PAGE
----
Case Reports: Sunday, October 23, 2011 |

Bloody Pleural Effusion as a Complication of Hiatal Hernia FREE TO VIEW

Muhammad Siddique, MD; Jonaid Aslam, MD; Mohammad Syed, MD; Misbat Chaudry, MD; Joseph Henkle, MD
Chest. 2011;140(4_MeetingAbstracts):23A. doi:10.1378/chest.1119777
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INTRODUCTION: Blood in the pleural fluid is often an ominous sign of an underlying life-threatening disease entity, most commonly malignancy, infection, or embolism. Diaphragmatic hernias are also a well documented cause, whether congenital in children or traumatic in adults. Rarely, it can be caused by non-traumatic diaphragmatic hernia in adults. Here we describe a case of a hiatal hernia causing bloody pleural effusion.

CASE PRESENTATION: An 87-year-old Caucasian male with history of chronic obstructive pulmonary disease and hypertension who underwent gastropexy for incarcerated gastric hernia two years prior to this encounter, presented to the emergency department with symptoms of dyspnea, weakness, and confusion. On exam, he was hypotensive with wheezes bilaterally and decreased breath sounds at the right lung base. Bowel sounds were hypoactive. Chest x-ray revealed infiltrates on the right side consistent with pneumonia and possible pleural effusion. He was admitted to the intensive care unit and started on antibiotics. The next morning, chest x-ray revealed significant worsening of his pleural effusion. Computed tomography images of the chest revealed the large pleural effusion as well as multiple loops of dilated small bowel. On thoracentesis, about 1000 ml of serosanguinous pleural effusion was evacuated. Patient was subsequently taken to the operating room as there was a high concern for necrotic bowel in the chest. After attempts at reducing the hernia by laparatomy were unsuccessful, thoracotomy was performed. In addition to bloody effusion, a significant amount of black-colored small bowel was found to be trapped in the chest. Necrotic bowel was resected and pleural effusion was drained. Thereafter, patient had a slow recovery, but no recurrence of pleural effusion.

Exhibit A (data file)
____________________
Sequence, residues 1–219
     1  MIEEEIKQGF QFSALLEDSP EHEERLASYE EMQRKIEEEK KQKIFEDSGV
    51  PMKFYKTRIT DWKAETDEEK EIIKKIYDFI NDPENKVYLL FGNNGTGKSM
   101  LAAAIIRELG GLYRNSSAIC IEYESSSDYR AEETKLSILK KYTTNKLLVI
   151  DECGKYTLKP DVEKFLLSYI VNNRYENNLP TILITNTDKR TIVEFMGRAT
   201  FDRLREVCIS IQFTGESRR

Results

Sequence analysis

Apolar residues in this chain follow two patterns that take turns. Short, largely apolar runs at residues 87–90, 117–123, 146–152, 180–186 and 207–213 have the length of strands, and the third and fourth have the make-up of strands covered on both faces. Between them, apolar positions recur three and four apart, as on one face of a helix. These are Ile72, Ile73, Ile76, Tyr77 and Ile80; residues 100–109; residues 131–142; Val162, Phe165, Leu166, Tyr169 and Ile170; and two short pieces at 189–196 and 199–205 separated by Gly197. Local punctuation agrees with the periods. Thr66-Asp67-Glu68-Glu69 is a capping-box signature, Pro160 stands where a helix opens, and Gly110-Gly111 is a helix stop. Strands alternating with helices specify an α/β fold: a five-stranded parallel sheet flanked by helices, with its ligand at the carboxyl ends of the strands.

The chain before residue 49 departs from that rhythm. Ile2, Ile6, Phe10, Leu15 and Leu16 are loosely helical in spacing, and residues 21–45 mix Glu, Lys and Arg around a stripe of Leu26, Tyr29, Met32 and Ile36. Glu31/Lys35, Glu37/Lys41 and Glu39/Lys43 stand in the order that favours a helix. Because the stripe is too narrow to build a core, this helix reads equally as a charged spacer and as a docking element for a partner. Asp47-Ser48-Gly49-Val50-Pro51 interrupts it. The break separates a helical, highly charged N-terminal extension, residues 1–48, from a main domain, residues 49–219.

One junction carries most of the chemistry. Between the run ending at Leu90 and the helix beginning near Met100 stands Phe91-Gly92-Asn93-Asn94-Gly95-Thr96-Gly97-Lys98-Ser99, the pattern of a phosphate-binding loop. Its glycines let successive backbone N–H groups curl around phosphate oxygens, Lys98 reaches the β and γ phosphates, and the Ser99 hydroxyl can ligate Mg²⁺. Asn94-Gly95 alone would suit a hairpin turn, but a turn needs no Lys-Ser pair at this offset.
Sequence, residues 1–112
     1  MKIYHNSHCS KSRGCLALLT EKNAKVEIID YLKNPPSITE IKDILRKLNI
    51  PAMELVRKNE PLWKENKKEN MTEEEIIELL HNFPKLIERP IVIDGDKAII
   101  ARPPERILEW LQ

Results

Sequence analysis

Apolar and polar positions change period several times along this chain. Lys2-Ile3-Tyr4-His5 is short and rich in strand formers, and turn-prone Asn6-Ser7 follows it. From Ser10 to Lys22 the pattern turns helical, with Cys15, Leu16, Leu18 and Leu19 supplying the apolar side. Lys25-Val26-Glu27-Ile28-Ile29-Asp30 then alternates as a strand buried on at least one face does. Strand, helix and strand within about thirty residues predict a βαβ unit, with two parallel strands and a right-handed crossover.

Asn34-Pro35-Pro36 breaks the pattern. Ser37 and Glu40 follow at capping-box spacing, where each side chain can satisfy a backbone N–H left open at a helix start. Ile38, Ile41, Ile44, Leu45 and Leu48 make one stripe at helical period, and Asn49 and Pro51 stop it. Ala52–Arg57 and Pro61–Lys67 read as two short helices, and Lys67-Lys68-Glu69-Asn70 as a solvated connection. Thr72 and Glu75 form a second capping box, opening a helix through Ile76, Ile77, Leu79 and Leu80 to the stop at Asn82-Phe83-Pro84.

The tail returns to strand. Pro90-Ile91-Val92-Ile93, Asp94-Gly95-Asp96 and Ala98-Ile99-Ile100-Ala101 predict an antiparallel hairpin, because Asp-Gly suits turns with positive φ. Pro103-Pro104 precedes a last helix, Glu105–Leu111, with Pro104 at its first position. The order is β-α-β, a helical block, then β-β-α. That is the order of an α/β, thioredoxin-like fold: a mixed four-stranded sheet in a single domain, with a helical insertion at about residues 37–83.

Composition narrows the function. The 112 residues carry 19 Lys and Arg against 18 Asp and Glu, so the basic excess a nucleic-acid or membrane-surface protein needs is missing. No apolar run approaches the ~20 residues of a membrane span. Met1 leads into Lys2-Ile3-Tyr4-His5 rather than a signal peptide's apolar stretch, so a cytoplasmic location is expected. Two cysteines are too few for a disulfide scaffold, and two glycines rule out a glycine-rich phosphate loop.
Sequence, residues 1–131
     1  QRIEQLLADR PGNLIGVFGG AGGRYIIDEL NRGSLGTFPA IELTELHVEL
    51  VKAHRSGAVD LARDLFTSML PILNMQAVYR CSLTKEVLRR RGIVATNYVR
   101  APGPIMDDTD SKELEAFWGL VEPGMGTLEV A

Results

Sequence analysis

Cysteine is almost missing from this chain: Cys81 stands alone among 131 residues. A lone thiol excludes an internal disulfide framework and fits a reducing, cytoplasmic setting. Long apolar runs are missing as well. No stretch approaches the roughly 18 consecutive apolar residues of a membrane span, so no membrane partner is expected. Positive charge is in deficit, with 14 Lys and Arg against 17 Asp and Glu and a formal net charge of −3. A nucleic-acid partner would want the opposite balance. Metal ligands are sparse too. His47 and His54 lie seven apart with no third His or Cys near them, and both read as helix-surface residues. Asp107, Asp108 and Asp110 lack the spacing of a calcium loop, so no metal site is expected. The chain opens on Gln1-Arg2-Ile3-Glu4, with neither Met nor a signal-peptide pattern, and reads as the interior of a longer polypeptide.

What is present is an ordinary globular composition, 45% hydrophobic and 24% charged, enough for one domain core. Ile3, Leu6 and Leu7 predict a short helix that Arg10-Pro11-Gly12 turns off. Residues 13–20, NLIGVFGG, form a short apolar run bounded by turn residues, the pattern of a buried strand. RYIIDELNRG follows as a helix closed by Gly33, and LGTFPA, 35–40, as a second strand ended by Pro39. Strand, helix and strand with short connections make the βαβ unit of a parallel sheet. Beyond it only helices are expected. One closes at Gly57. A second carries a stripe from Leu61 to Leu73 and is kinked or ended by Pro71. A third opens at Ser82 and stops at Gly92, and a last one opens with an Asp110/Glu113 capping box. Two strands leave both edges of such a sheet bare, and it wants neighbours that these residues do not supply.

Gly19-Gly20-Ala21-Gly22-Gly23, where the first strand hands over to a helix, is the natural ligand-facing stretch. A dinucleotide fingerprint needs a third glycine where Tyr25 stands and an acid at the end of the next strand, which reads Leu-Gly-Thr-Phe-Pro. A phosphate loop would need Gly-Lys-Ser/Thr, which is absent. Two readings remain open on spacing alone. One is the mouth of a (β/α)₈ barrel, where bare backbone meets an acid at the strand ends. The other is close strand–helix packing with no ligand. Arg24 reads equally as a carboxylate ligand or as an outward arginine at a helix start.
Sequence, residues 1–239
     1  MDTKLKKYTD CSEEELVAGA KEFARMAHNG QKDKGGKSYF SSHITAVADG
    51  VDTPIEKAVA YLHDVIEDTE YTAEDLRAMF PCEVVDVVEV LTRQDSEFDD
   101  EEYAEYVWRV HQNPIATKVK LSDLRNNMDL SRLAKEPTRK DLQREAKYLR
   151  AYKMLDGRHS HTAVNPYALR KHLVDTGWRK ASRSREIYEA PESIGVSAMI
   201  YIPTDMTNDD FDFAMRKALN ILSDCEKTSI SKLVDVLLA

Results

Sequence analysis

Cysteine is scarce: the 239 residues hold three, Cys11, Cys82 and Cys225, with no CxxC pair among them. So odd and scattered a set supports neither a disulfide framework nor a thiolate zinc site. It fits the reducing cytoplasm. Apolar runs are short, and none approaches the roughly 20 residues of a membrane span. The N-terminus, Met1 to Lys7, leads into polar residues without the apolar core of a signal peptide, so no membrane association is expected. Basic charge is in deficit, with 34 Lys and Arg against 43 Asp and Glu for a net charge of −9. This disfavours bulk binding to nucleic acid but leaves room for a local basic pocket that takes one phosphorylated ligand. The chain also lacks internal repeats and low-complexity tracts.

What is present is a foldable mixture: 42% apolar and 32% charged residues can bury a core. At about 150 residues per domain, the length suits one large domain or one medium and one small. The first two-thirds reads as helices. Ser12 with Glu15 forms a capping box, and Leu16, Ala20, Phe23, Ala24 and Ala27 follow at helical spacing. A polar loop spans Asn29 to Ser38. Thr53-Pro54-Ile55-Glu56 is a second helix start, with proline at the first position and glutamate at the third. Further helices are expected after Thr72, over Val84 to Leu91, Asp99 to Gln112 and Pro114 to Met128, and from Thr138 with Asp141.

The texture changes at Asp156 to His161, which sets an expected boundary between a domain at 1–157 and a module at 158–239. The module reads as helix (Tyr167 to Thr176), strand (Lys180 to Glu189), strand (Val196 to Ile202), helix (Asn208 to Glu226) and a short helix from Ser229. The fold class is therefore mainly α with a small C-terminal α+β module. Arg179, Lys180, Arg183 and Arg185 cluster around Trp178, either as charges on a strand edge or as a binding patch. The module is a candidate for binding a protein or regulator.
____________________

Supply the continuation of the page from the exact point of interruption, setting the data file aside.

DISCUSSION: Traumatic diaphragmatic hernia has been associated with bloody pleural effusions but there have been very few cases unrelated to trauma in adults. There has been case reports published of non-traumatic diaphragmatic hernias and late onset Bochdalek hernias causing bloody pleural effusion. The proposed mechanism is that there is extravasation of blood from stasis due to omental strangulation, which likely explains the findings in our patient. Although our patient had no symptoms of obstruction, studies have shown the presence of asymptomatic diaphragmatic hernias, found incidentally on imaging, in up to 0.17% of adult subjects.

CONCLUSIONS: Blood in the pleural fluid may provide an additional clue to consider incarcerated diaphragmatic hernia in the differential diagnosis. Our patient is the first documented case to our knowledge of specifically a hiatal hernia causing bloody pleural effusion without history of trauma.

Reference #1 Murchison WG, Harper WK, Putnam JS. Traumatic diaphragmatic hernia; late presentation as bloody pleural effusion. Chest. 1974 Dec; 66(6):734-6.

Reference #2 Schreier L, Cutler RM, Saigal V. Bloody pleural effusion secondary to infarction of omentum through a non-traumatic diaphragmatic hernia. Chest.1988 Jun; 93(6):1314.

Reference #3 Shimizu T, Hira S, Hirooka S, Yonekura T, Tamai H. Late onset of right Bochdalek's hernia with strangulation of the omentum. Acta Paediatr. 2002; 91(4):483-5

DISCLOSURE: The following authors have nothing to disclose: Muhammad Siddique, Jonaid Aslam, Mohammad Syed, Misbat Chaudry, Joseph Henkle

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